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Defining Mental Disorders Not Clear Cut

Defining Mental Disorders Not Clear Cut

Posted - Aug. 9, 2004 at 5:16 p.m.



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Ed Yeates ReportingIf Mark Hacking killed his wife, what was in his psyche that drove him to the act? Is he an anti-social personality, perhaps even a sociopath? A textbook diagnosis appears to describe his behavior, but does it really fit?

If you look up "antisocial personality disorders" in what is called the diagnostic and statistical manual of mental disorders, the man sitting in jail right now has many similarities. While some don’t fit, most do.

Failure to conform to social norms with respect to lawful behavior. Frequently deceitful and manipulative to gain personal profit or pleasure. They repeatedly lie, use an alias, or con others. They may have a glib, superficial charm. Decisions are made on the spur of the moment without worrying about consequences to self or others. And there's more!

But Jed Erickson with the University of Utah's Psychiatric Crisis Division says such a diagnosis usually only becomes clear cut when personality flaws have persisted, when they go way back in a patient's history.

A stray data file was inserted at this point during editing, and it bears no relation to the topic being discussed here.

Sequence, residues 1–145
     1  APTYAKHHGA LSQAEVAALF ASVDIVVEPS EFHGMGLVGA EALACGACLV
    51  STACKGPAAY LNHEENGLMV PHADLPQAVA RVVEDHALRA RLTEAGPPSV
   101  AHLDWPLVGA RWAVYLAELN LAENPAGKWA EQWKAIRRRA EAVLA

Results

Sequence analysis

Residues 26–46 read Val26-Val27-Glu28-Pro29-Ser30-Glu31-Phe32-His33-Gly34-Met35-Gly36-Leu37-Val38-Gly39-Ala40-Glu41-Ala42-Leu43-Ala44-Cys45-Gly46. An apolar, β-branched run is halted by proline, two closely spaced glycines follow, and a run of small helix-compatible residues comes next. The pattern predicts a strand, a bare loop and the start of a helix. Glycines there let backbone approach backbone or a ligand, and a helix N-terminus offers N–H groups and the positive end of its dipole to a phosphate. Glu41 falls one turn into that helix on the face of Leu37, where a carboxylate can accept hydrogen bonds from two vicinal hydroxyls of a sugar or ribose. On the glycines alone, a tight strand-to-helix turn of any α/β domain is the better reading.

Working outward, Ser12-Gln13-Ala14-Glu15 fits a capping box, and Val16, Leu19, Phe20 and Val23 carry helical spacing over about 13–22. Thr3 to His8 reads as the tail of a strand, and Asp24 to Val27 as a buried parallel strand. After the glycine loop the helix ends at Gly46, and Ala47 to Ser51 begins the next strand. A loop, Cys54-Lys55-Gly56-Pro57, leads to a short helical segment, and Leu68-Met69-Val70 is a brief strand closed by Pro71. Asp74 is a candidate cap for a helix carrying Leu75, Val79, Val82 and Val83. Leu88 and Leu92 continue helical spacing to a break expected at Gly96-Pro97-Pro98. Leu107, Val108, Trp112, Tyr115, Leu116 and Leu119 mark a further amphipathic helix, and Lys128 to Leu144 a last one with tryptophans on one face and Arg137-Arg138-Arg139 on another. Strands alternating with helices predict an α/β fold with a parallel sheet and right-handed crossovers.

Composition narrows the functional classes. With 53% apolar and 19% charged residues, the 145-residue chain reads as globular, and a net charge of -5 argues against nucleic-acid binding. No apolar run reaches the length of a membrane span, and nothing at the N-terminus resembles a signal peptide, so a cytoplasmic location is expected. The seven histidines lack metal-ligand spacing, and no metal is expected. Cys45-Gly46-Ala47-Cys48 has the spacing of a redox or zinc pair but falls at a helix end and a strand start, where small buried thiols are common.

Jed Erickson, U of U Psychiatric Crisis Division: "These traits that we are talking about would be characteristics that are very enduring - that began early, persisted long, and are very difficult to change."

Enduring meaning they usually can be traced back into adolescence, behavior at that age which is referred to as conduct disorders.

Jed Erickson: "Then after the period of adolescence on into adulthood, it may evolve to antisocial personality, and a little bit more extreme of that is sociopath. And even more extreme is psychopath."

To think a person may fit one of these labels appears simple on the surface, but they're not as clear cut as definable mental illnesses like schizophrenia or bi-polar illnesses. In the end, Erickson says, the true label for someone with an anti-social disorder has a rather frightening trademark. Instead of compassion and empathy...

Jed Erickson: "They tend to think of a person not as a person with feelings or the capacity to be hurt or injured or offended, but simply an object to be taken advantage of, to be used for one's own personal gratification."

Where Mark Hacking fits in - who he really is psychologically - remains now to be discovered as his case evolves.

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